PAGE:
• Work the community – it’s your community, you work it
  • Implementing user requests go a long way – listen and respond

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imaginary friends are good for you


“Whether re-telling a short fictional story (snip) to a puppet, or telling a story about a real experience they’d had in the last year, the children with a past or present imaginary friend tended to use more dialogue, and to provide more information about time, place and causal relations, thus providing richer stories.”

“Is it easier to talk to your online buddies than your friends out there in the "real world?" Do you feel like you know more about what’s happening in the lives of your Facebook and MySpace friends than with those who don’t have accounts or don’t bother to update them?”

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how do you find your digital content?

AdMob data on “How do iPhone users discover apps?”

62% search for a specific type of app (not clear if this is by name or type/genre)

60% browse through top ranked apps

46% word of mouth recommendation

20% see an ad while using another app

19% press/news or blog

10% a brand introduces an app and reaches out to me

13% other

Suggesting that a remarkable quality, enabling word of mouth matters.

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shut your eyes, and listen to the emotion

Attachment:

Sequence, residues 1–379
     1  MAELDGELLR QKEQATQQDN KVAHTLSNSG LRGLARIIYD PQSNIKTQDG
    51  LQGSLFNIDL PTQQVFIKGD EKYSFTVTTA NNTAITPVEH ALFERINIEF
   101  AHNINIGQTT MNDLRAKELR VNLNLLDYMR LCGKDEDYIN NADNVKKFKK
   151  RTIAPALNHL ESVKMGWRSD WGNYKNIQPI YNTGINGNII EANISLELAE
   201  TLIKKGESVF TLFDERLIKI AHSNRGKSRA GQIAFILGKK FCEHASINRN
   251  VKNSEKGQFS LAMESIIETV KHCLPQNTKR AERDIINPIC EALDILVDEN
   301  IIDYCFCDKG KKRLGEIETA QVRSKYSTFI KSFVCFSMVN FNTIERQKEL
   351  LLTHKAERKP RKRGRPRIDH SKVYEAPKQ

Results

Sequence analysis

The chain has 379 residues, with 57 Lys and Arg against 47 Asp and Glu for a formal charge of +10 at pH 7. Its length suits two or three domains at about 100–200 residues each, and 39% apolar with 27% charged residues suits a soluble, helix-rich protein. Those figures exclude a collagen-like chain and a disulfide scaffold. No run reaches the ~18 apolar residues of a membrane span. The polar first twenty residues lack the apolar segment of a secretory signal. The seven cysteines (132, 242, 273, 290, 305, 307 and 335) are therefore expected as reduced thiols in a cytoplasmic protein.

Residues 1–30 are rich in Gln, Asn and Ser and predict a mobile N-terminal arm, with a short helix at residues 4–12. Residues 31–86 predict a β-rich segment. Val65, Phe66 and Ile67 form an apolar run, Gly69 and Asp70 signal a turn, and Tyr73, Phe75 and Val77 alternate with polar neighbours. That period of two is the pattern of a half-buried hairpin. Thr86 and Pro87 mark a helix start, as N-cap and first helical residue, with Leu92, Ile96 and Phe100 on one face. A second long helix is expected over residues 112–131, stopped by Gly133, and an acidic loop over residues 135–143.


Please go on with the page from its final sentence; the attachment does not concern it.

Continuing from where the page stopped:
“…neuroscientists have discovered that a brain centre involved in sensing emotion and fear called the amygdala kicks into action when volunteers listen to scary music with eyes closed.

“A lot of time we do like to close our eyes when we listen to music, we feel like this is a more powerful experience,” says Talma Hendler, a neuroscientist at Tel Aviv Sourasky Medical Center in Israel, who led the new brain imaging study.

Shutting your eyes heightens people’s emotional responses to the outside world…”


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an otaku’s hive


“In modern Japanese slang, the term otaku refers to a fan of any particular theme, topic, or hobby.”  – Wikipedia

Seth Godin in Purple Cow;

“Otaku describes something that’s more than a hobby but a little less than an obsession… Otaku is the desire to find out everything about <something>”

Consumers with otaku are the sneezers you seek. They’re the ones that will take the time to learn about your product, and take their friends time to tell them about it. The flash of insight is that some markets have more otaku-stricken consumers than others. The task of the remarkable marketer is to identify these markets and focus on them to the exclusion of lesser markets – regardless of size.”

If you are the enthusiast and otaku, scratch your own itch. If you aren’t, understand and study your otaku’s hive. Understand what makes them tick and create a product that solves a problem for them in a remarkable way.

IDEO’s deep dive process – total immersion into the problem at hand.